The bioerodible release rate controlling material can have incorporated therein plasticizers, preservatives or other conventional additives employed in dosage forms. Exemplary platicizers suitable for employment for the present purpose are the pharmaceutically acceptable plasticizers conventionally used, such as diethyl adipate, di-isobutyl adipate, di-n-hexyl adipate, di-isooctyl adipate, di-n-hexyl azelate, di-2-ethyl-hexylazelate, ethylene glycol dibenzoate, acetyl tri-n-butyl citrate, epoxidized soy bean oil, glycerol monoacetate, diethylene glycol dipelargonate, propylene glycol dilaurate, iso-octyl palmitate, triphenyl phosphate, and the like. In addition, binding agents or disintegrating agents to regulate or to facilitate the bioerosion of the device can be employed. Exemplary of these materials are glycerin, dextrose, sorbitol, mannitol, sucrose, poly(ethylene glycol), monoglyceryl esters of fatty acids, methylcellulose, starch, and the like. The proportion of agent used will vary within broad limits depending upon the rate of disintegration desired, as well as upon the characteristics of the medicament involved. In general, about 0.01 parts to about 10 parts by weight for each part by weight of the medicament can be used, depending on the agent.
Enzymes can be incorporated into the release rate controlling material in order to further control the rate of bioerosion of the membrane or matrix materials of the device. Among the enzymes which can be included are pepsin, trypsin, ficin, papain, aminopeptidase, pectase, invertase, takadiastase, pancreatin lactase, alpha amylase, beta amylase, and cellulase. Typical combinations of enzyme and material include: cellulase with cellulose and its derivatives; takadiastase with starch; aminopeptidase with polypeptides.
As previously discussed, devices of this invention are designed to dispense a metered amount of drug from the reservoir to the eye over a prolonged period of time, primarily through a Permeation or Erosion Control Release mechanism. Moreover, as heretofore indicated, in order to design these devices it is necessary to select materials having both the appropriate drug release rate characteristics and erosion rates. Those skilled in the art can readily determine the rate of permeability of drug through a material or selected combinations of polymeric materials. Standard methods of determining passage of drugs through drug permeable materials are exemplified in Encyl. Polymer Science and Technology, Vol. 5 and 9, pp. 65-85 and 795-807, 1968, and the reference cited therein; U.S. Pat. No. 3,279,996; Folkman and Edmonds, Circulation Research, 10:632, 1962; Folkman and Long, J. Surg. Res., 43:139, 1964; and Powers, J., Parasitology 51:53 (Apr. 1965), No. 2 Section 2.
The erosion rate of a material can be determined by methods exemplified in the examples set forth hereinafter, or can be conducted with apparatus similar to the tablet disintegration apparatus described in U.S.P. XVII. Simulated tear fluid, e.g. saline fluid, is used in the test. The device is placed in the apparatus and initially contacted with simulated saline fluids for set periods of time. The weight loss of the device is then determined. The saline fluid is then removed and the course of the disintegration of the device is followed over the time course of the test by periodically determining the weight loss of the device or by measuring the amount dissolved by other suitable means, e.g. spectrophotometrically. The drug release rate is also determined in this test by periodically assaying the amount of drug that dissolves in these fluids over the course of the test.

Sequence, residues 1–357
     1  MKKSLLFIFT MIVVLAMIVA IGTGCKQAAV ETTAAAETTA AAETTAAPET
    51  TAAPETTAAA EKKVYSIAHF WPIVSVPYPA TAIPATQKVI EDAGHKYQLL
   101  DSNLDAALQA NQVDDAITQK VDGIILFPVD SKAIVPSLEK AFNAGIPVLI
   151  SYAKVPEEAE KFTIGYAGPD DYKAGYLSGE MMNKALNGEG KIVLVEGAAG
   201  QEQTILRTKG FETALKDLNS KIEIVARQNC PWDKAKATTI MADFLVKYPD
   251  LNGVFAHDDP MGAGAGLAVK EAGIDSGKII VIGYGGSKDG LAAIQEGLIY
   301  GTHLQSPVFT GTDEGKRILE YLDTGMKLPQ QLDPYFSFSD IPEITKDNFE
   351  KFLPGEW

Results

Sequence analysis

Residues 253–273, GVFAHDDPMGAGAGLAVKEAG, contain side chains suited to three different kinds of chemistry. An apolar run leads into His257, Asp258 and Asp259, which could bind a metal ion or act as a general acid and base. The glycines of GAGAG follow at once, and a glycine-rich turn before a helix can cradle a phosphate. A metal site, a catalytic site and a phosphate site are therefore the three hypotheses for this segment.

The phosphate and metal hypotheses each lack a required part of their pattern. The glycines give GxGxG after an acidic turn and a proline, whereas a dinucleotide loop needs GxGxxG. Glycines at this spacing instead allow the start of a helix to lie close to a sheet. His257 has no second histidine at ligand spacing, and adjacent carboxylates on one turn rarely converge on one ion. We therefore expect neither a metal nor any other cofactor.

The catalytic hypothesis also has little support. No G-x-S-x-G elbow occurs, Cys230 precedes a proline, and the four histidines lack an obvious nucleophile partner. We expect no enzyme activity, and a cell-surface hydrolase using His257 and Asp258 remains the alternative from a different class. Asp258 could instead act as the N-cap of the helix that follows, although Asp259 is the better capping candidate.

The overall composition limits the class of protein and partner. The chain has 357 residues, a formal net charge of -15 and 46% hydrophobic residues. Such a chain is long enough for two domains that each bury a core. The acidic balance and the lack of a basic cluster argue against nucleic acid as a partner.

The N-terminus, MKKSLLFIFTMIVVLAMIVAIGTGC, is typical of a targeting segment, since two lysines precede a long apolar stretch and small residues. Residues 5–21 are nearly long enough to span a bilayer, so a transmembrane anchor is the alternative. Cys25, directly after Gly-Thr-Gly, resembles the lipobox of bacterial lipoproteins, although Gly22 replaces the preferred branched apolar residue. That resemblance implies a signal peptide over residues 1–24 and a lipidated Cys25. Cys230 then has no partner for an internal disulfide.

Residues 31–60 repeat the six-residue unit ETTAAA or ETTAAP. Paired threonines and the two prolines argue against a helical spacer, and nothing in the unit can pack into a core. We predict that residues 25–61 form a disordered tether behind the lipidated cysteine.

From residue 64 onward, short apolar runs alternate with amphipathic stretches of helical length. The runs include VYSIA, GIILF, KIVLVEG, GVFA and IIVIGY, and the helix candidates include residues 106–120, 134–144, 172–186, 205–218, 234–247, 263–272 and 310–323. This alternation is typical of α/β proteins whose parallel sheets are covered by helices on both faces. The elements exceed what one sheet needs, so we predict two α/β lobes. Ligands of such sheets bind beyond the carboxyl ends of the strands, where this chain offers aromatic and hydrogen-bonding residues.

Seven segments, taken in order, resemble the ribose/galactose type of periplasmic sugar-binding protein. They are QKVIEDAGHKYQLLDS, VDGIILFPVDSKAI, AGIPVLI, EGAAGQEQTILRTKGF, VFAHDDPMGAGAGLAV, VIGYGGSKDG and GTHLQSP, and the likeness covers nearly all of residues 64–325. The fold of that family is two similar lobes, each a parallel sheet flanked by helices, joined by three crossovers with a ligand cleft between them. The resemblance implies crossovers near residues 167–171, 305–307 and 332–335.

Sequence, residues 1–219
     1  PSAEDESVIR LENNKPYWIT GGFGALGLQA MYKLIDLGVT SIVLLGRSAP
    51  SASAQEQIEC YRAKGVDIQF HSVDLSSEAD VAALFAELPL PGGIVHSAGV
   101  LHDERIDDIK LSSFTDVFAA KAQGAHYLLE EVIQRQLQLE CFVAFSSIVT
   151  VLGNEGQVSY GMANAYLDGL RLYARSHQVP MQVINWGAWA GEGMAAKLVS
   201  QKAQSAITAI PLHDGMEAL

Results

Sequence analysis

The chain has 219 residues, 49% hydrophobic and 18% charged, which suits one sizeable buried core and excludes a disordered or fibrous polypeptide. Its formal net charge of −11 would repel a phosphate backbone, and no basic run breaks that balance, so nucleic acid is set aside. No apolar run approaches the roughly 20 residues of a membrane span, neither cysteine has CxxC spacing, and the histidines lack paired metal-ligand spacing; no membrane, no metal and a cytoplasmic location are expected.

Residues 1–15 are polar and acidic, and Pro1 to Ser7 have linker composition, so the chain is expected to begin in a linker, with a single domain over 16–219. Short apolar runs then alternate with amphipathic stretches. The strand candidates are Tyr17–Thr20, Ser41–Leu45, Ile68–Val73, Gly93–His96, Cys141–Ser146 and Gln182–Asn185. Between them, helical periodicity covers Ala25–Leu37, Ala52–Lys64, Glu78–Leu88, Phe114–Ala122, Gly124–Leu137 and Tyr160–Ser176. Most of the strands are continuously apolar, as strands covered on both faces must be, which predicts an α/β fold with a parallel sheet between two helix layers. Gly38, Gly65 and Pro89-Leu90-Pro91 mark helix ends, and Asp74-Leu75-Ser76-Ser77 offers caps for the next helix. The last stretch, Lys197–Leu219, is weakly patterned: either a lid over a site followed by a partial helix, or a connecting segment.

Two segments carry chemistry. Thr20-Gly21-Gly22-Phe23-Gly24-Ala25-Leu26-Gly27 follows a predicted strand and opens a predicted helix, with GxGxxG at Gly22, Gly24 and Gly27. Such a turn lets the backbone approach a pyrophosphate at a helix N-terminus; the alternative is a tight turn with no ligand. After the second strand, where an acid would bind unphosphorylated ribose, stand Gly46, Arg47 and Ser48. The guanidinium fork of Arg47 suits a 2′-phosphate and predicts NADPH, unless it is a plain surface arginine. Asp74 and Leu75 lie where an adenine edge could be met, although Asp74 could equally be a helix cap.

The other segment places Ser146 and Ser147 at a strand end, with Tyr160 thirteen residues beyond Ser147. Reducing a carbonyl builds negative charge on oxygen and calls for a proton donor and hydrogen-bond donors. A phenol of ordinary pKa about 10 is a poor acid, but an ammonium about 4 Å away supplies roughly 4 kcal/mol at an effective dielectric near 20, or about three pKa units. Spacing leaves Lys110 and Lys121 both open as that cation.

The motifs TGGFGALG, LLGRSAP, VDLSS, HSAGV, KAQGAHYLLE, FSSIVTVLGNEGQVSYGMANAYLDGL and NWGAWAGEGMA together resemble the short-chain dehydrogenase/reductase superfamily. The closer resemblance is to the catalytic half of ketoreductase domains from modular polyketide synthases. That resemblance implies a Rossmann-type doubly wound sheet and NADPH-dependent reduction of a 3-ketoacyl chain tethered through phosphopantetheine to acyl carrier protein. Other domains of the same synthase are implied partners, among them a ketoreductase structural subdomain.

It is intended that devices of this invention continuously dispense controlled amounts of drug to the eye over prolonged periods of time, that is, from periods ranging from 8 hours to 30 or more days. The material selected must therefore have an erosion rate in the eye, suitably modified if necessary, by the addition of additives, as hereinbefore mentioned, which is dependent upon the time period selected, as well as whether it is to be used as a rate controlling matrix of the type illustrated in FIGS. 5 or 7, or a rate controlling membrane of the type illustrated in FIGS. 3 and 4, or for the microcapsules of the type illustrated in FIG. 6, or a non-rate controlling material of the type illustrated in FIGS. 3 or 6, with regard to comments earlier made concerning the function of each of these materials. Generally, the following material erosion rates are satisfactory, with the exact rate selection dependent upon design considerations previously set forth:
Illustrative Erosion Milligrams/DayNon-release RateControlling MatrixMaterial 0.5 - 20Release Rate ControllingMembrane or MatrixMaterial 0.1 - 15
From the foregoing, it is apparent that it is preferred to place the ocular device in the sac of the eye, either 7 or 11, bounded by the surfaces of the sclera, of the eyeball and conjunctiva of the lid. The reason for this is the fact that obstruction with vision is avoided. Moreover, the scleral area of the eye is less sensitive to pain than are other portions of the eye. It is, however, contemplated herein that if desired, the device can be placed over the corneal portion 5 of the eye.
Insertion of the insert 12 into the eye can be satisfactorily accomplished by mounting or grasping the device by means of a suitable holder, which optionally may include a minute suction cup for engaging the outer surface of the insert. The holder may be one of the several types commonly used to insert and remove corneal contact lenses, artificial eyes, and the like. Further, the present invention contemplates the use of an indicator dye in the drug or material of the insert, or both, to serve as a visual indication as to the supply of drug within the device or the deivce itself in the eye. For this purpose, a small amount of methylene blue or any suitable dye material can be used.